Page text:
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Seen At 11: Sudden Hair Loss, A Side Effect Of Some Common Medications

NEW YORK (CBSNewYork) -- For many women their hair is their crowning glory and suffering unexpected hair loss can be devastating, especially when that hair loss is triggered by a common prescription medication.

Experts recently told CBS 2's Kristine Johnson that for many women the choice between health and hair is often difficult.

"When they come in the first thing is tears. No one wants to come into a wig store," said Flora Shepelsky, the owner of Designs By Flora.

For some of Shepelsky's clients a wig on top of  a hair weave can help to hide a devastating secret. That secret is extreme and often sudden hair loss.

Shepelsky's clients told CBS 2 that their hair loss was triggered by a reaction to prescription drugs.

"I would have done anything to get my hair back, but then my health was suffering," one patient said.

When she tried to go off of the medication to save her hair, that patient's health declined, and she had to go back on the pills.

Some women told CBS 2 that hormone therapy is to blame for their hair loss, while others blamed a variety of other medications that listed hair loss as a possible side effect on their warning labels.

"There's nothing that has no side effects. Everything that you take they can fix one thing and something else goes wrong," a patient said.

Some patients have turned to natural drugs in an effort to improve health and grow back their hair.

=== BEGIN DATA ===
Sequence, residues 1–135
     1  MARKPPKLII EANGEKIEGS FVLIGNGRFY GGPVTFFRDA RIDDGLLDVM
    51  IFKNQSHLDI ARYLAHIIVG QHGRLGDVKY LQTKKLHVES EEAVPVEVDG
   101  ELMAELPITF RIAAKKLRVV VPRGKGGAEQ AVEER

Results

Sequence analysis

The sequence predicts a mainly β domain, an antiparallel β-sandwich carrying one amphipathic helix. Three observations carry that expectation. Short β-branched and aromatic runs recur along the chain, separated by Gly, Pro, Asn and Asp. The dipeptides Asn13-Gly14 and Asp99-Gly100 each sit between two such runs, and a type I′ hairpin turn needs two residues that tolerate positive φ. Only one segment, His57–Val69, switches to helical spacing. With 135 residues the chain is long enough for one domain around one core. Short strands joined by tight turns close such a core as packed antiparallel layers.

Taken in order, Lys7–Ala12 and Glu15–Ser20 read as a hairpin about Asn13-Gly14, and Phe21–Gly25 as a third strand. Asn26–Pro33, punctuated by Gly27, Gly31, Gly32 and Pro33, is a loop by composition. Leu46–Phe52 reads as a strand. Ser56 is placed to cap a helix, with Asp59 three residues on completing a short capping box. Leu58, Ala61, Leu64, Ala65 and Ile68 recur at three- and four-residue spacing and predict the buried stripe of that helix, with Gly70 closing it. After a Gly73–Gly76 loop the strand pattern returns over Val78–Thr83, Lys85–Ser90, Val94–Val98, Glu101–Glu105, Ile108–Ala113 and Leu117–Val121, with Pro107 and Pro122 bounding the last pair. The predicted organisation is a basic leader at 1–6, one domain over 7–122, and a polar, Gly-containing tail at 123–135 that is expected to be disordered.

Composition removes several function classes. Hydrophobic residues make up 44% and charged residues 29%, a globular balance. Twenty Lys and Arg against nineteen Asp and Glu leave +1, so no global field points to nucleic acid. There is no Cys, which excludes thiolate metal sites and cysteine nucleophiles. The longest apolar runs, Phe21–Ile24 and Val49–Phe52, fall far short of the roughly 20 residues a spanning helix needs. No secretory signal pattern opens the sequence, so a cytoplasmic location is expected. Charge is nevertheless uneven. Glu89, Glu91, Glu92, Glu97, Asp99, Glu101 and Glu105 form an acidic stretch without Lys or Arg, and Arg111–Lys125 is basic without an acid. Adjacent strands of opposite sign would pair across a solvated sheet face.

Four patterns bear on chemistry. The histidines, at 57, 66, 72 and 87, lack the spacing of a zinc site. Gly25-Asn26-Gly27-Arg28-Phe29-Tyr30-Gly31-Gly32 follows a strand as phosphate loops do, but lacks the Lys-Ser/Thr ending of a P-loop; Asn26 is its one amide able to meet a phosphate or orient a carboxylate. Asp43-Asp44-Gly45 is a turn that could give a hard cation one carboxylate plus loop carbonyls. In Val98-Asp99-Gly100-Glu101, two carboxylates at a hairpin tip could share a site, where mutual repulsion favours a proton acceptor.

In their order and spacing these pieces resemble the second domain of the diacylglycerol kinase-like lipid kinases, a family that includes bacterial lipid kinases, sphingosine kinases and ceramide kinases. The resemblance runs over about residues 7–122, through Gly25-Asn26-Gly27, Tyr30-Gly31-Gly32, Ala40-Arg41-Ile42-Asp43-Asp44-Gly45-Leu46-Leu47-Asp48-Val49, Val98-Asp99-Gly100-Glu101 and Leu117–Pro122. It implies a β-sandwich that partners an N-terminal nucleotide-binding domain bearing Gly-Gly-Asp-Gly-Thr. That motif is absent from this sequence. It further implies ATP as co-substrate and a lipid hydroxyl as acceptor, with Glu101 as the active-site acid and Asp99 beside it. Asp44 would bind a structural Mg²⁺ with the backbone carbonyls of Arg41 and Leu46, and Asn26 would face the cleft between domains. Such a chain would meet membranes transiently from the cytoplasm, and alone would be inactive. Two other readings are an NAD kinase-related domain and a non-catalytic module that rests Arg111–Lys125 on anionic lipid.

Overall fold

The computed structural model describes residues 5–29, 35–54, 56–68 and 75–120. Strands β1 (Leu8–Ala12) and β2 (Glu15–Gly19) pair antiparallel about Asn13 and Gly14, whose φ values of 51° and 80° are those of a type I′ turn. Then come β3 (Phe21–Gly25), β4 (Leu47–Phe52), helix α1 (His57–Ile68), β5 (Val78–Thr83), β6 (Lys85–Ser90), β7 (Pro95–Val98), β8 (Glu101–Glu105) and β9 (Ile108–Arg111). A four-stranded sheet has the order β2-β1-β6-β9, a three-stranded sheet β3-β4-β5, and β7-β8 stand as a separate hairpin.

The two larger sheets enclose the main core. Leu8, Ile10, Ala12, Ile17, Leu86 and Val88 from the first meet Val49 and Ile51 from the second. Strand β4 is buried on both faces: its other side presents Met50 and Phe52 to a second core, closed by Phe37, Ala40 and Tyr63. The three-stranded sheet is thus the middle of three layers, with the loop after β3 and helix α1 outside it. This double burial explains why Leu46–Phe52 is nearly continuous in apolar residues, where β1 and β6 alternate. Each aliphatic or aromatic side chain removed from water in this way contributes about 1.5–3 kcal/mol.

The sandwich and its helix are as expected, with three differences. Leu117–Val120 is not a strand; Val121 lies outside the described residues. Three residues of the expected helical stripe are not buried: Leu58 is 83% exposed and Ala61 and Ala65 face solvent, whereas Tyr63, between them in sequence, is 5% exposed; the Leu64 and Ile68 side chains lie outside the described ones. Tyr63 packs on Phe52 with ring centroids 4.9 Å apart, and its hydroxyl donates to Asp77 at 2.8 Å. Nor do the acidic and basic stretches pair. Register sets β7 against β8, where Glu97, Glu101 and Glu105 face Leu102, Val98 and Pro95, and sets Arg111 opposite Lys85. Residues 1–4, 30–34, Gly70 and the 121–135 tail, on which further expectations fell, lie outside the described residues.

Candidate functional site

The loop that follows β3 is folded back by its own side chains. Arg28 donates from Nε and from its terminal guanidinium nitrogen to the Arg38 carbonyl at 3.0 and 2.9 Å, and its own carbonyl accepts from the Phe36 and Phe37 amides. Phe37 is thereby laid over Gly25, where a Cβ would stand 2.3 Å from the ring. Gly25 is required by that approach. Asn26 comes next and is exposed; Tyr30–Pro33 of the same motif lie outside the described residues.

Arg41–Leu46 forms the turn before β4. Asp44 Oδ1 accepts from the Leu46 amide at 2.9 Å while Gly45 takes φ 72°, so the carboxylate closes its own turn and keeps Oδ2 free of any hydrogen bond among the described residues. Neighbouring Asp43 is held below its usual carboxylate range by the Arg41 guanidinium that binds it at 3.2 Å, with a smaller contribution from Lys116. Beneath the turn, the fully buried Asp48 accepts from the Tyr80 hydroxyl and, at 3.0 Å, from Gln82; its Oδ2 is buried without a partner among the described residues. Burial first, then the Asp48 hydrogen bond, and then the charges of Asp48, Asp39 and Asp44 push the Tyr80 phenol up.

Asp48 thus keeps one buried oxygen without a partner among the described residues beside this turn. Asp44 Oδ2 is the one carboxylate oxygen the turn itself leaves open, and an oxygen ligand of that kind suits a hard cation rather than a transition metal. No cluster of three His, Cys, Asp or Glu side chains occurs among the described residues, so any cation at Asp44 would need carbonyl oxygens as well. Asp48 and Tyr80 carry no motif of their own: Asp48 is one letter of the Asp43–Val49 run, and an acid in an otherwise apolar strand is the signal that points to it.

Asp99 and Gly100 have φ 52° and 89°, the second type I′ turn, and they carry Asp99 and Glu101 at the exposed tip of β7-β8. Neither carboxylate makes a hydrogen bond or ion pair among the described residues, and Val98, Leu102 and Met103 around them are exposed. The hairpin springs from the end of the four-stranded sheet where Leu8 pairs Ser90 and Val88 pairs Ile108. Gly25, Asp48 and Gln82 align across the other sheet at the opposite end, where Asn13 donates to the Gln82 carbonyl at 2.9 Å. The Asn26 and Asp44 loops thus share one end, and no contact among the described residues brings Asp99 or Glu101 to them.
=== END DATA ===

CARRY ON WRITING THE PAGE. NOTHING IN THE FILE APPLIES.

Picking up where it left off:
Mary Speciale told CBS 2 that her hair began to fall out following hip surgery 18 months ago.

"I took some of the medications post-operatively and no one told me that they could cause hair loss," she said.

But doctors said they are not sure if it was the surgery or the medicine that caused the hair loss.

"We don't know if it's due to the surgery itself or due to medication she got for anesthesia. Sometimes they're given medications during surgery, so it's very difficult to pinpoint," explained Dr. Richard Mizuguchi, the director of The Hair Loss and Restoration Institute.

Specialists said that they will work with primary care physicians to help change patients to medications that do not cause hair loss. They also explained that only a small portion of the population suffer from this type of hair loss.

What would you go with, the medicine or your hair? Let us know in our comments section below...

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